As Americans (especially young ones), we have become the poster children for newness. When a building is old, we don’t renovate it; we tear it down and replace it. When the new, cutting-edge tech devices release, we don’t savor the old technology; we toss it in the trash. When the next social cause or movement arises, we are the first to jump on and off the bandwagon in due time.
Let’s face it: We are fickle. And if we know this about ourselves, we must admit it also affects the way we do church. We see old as bad, and new as good. We respect the new forms of worship, the new ideas and new methods of doing church, but we have little interest in the beautiful, ancient forms of worship from our church history.
C.S Lewis, confessing guilt in his own attitude, calls this approach “chronological snobbery.” Chronological snobbery can be loosely defined as the erroneous argument that the thinking, art or science of an earlier time is inherently inferior when compared to that of the present, based solely on its age. This chronological snobbery results in the absence of critical thinking toward anything new, and the automatic rejection of anything old, even though it might be applicable and needed for today.
This is not new, however. In years past, it just took on a different form. In the past, the Church found anything new to be inherently inferior. Contemporary music was not accepted, change was seen as negative and the only music that was accepted in church was traditional and dated. This traditionalism resulted in a lack of contextualization of the Gospel and a snobbery toward new methods. But as I have stated before, the Church tends to swing like a pendulum, and in reaction to this snobbery toward newness, the Church swung to the opposite extreme, only to be guilty of the same chronological snobbery in a different direction.
We still see this in the worship and thought of many contemporary churches. In the process of staying current, and in reaction to traditionalism, we have thrown out all the richness of church history.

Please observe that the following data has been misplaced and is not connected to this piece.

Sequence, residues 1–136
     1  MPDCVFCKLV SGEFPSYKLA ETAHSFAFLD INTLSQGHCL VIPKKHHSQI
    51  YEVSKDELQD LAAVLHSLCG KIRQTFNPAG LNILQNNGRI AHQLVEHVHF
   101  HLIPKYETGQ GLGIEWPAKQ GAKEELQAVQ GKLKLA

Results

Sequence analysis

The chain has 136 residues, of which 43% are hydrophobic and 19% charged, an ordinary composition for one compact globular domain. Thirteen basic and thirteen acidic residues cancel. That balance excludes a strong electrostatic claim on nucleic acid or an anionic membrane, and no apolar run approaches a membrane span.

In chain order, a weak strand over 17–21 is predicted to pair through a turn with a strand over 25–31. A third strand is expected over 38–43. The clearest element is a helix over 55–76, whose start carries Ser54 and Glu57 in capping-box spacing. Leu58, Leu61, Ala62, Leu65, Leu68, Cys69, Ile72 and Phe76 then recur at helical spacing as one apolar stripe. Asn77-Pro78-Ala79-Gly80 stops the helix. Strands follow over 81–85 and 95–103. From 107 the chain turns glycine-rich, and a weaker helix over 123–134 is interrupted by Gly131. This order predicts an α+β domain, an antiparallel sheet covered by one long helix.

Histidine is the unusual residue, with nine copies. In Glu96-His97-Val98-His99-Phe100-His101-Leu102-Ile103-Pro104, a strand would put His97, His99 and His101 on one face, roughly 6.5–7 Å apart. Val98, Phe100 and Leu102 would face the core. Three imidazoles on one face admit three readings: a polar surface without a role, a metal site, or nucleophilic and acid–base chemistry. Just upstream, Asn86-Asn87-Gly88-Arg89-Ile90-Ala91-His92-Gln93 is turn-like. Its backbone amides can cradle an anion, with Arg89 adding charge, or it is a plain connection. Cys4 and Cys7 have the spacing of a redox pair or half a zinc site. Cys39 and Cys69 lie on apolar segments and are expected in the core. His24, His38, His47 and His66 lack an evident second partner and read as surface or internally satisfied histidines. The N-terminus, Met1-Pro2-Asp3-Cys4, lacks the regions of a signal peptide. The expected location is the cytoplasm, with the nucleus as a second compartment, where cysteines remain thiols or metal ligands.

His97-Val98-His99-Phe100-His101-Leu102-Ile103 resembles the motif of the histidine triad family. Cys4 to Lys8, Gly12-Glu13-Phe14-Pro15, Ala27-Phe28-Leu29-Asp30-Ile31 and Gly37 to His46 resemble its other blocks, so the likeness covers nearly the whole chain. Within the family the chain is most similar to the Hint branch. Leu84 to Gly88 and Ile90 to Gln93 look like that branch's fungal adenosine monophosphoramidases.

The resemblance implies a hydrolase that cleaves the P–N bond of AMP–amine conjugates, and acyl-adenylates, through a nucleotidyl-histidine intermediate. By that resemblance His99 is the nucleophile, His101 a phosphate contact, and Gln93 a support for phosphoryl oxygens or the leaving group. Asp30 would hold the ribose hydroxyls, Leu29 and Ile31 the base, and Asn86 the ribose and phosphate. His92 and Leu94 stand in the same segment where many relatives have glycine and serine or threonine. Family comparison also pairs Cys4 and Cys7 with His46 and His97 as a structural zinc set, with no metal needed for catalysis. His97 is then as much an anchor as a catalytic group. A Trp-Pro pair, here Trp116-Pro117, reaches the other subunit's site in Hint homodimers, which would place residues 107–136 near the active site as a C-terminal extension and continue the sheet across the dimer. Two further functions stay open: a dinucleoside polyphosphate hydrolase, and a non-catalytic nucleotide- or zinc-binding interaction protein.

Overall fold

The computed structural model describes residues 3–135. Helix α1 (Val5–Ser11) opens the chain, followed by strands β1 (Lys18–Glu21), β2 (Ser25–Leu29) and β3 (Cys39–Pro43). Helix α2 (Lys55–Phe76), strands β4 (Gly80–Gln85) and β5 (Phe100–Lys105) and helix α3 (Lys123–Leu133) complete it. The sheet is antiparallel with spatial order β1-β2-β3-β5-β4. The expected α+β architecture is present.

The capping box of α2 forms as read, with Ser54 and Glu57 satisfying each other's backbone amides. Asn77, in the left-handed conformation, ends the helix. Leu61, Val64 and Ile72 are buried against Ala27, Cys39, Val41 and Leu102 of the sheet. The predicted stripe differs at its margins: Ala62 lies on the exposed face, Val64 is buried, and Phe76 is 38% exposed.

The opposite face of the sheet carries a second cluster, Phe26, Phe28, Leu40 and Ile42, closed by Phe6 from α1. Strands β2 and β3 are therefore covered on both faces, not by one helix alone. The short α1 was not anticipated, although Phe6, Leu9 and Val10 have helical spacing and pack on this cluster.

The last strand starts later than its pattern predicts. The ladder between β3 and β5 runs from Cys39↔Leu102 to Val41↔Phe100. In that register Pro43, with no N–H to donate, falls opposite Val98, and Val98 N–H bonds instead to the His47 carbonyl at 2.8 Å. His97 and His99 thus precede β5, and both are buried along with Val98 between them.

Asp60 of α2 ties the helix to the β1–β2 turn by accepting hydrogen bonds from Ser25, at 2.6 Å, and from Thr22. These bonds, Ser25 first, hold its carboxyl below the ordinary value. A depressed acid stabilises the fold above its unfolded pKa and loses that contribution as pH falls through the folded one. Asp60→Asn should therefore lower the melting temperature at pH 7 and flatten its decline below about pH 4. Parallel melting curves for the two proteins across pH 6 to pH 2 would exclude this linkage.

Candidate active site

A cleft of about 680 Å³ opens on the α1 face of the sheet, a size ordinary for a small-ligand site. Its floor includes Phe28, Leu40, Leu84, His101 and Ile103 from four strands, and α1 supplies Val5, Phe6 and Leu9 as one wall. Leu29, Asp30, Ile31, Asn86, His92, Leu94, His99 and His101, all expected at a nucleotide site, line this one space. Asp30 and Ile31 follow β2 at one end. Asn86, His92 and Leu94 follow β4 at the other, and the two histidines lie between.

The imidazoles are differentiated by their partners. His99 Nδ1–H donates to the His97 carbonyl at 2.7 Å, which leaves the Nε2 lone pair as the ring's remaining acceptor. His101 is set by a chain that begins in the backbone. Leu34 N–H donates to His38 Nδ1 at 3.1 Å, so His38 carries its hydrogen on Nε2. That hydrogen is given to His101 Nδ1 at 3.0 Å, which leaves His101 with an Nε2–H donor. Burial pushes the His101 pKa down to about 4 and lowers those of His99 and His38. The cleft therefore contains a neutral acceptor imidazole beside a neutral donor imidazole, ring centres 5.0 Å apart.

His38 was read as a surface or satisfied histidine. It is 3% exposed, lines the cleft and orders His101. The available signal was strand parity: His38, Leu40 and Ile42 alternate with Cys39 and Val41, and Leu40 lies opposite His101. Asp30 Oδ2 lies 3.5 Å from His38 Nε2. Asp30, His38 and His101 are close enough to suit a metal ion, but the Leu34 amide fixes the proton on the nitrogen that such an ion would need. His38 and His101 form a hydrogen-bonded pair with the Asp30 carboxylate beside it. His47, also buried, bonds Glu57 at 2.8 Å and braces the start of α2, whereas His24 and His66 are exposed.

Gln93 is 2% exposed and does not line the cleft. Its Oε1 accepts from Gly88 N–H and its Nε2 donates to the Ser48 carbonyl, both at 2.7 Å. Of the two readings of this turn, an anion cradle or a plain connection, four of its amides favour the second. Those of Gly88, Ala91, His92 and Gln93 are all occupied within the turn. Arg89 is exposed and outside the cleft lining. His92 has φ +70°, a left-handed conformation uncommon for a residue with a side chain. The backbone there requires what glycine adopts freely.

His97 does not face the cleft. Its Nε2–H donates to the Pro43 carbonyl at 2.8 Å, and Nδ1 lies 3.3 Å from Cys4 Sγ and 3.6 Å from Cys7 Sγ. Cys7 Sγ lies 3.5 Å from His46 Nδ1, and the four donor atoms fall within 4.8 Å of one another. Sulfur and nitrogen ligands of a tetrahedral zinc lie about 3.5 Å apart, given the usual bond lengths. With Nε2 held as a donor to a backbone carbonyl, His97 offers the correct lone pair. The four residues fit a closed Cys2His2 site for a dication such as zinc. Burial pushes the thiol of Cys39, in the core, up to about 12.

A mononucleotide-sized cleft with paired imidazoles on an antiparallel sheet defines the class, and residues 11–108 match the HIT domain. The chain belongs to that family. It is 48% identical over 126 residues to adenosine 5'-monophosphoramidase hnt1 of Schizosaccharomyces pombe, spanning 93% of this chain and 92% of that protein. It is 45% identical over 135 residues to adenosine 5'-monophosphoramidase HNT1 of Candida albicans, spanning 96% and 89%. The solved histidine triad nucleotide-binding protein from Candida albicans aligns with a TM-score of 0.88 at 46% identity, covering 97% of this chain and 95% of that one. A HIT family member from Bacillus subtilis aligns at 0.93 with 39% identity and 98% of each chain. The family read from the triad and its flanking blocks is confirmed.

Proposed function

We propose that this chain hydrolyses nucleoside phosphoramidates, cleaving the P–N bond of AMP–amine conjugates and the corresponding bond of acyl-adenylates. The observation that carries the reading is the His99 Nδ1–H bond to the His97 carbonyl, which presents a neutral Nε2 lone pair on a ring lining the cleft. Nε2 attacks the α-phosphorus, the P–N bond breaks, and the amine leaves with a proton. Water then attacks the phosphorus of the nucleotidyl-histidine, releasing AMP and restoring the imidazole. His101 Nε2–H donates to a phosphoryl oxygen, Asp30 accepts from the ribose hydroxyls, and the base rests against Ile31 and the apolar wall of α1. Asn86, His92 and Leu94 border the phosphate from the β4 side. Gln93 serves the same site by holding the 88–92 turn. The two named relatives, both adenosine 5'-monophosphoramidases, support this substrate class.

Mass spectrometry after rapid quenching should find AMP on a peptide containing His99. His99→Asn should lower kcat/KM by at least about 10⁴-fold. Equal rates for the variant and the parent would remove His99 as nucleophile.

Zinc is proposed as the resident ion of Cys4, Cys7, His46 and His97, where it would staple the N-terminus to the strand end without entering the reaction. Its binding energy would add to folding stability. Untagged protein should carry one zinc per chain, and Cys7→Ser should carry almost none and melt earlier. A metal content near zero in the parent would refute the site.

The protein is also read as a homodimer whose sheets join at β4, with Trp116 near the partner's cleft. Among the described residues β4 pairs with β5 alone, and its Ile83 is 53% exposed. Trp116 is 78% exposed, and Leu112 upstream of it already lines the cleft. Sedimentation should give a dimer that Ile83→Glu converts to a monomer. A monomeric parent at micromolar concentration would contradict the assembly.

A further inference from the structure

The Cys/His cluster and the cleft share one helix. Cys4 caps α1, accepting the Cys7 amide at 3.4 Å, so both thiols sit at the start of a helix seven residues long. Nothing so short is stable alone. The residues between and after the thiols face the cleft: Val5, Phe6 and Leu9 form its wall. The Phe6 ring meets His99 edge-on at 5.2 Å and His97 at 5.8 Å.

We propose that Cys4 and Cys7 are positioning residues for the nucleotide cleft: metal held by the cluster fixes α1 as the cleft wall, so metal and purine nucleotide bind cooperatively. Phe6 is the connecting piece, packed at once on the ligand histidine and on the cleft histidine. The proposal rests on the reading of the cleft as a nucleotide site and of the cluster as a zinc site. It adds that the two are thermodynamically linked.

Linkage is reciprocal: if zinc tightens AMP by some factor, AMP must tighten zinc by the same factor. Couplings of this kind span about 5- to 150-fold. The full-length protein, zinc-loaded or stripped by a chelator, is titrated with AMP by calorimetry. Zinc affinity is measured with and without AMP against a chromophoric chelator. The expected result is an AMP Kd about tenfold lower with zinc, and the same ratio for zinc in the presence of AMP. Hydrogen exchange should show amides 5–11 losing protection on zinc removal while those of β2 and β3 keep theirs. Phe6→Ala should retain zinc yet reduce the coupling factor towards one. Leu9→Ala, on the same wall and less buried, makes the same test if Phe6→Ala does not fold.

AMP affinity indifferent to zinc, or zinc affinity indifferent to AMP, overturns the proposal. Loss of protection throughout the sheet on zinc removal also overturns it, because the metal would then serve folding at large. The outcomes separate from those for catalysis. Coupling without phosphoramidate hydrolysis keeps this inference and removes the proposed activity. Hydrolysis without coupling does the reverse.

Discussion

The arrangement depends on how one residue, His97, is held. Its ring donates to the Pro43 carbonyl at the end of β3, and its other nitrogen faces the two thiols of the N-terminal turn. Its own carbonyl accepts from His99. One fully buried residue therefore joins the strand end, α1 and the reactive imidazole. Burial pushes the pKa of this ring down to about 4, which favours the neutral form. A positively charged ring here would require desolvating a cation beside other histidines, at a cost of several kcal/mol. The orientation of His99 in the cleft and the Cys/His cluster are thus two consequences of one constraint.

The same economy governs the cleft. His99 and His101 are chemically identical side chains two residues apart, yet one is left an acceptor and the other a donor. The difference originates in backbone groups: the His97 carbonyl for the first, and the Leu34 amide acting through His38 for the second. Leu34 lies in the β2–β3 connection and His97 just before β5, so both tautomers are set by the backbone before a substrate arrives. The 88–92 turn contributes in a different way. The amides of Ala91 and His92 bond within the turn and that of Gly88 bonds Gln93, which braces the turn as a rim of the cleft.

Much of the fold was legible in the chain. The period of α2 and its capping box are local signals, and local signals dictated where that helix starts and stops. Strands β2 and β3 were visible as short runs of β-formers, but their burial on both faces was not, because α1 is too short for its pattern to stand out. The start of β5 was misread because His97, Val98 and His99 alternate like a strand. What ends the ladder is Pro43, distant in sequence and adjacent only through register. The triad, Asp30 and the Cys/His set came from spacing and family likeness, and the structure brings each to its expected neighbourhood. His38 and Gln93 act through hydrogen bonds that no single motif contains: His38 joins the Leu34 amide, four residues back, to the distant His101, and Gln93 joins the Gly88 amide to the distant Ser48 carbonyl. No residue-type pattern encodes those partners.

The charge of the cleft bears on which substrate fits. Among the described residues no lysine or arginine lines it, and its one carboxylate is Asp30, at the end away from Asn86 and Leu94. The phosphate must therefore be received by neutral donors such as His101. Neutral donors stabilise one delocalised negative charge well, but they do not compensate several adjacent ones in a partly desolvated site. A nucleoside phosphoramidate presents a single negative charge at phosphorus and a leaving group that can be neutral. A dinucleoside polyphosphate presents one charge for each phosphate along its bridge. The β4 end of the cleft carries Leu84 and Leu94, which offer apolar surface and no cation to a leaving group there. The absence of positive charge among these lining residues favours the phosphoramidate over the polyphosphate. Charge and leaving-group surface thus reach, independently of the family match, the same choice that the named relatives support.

We will play a popular radio hit in a worship service, but avoid hymns, psalms and ancient prayers.
We will give people a cup of coffee as they walk in, but skip the grace of frequent communion.
We will show people a trendy graphic, but avoid the beauty of the church’s historical art of liturgy.
We will quote business gurus and pop artists, but avoid the rich theology of the church fathers.
We will develop our own statements of belief, but avoid the unity of ancient creeds and confessions.
The grace of frequent communion, the beauty of liturgy, the unity of creeds, the reverence of ancient patterns of worship and the richness of historical theology are all neglected, replaced with new art, new ideas and new songs.
Don’t get me wrong, the new methods are not useless. They are great, and we should not leap again to the opposite chronological snobbery of only accepting what is old and traditional. New graphics are great. Coffee is great. Understanding our culture is great. New worship songs are great. We should encourage contemporary artistry in order to contextualize the Gospel to our current society—but this does not mean we must throw out the past.
Can we not have both?
Can we not have coffee and communion? Graphics and liturgy? Videos and hymns? Songs and psalms? New and old? Current and ancient?
I believe we can. And in order to avoid the chronological snobbery pendulum of extremes toward traditionalism and currentism, we must hold both views in tension. This might seem like a contradiction, but it is not; it is a paradox, and we should stay within the center. In this we can avoid the guilt of chronological snobbery, and bring out the treasure of all ages in the rich history of our faith. In the power of this paradox we will experience unity and connection with Christians of the past, while also remaining relevant to the culture of the present.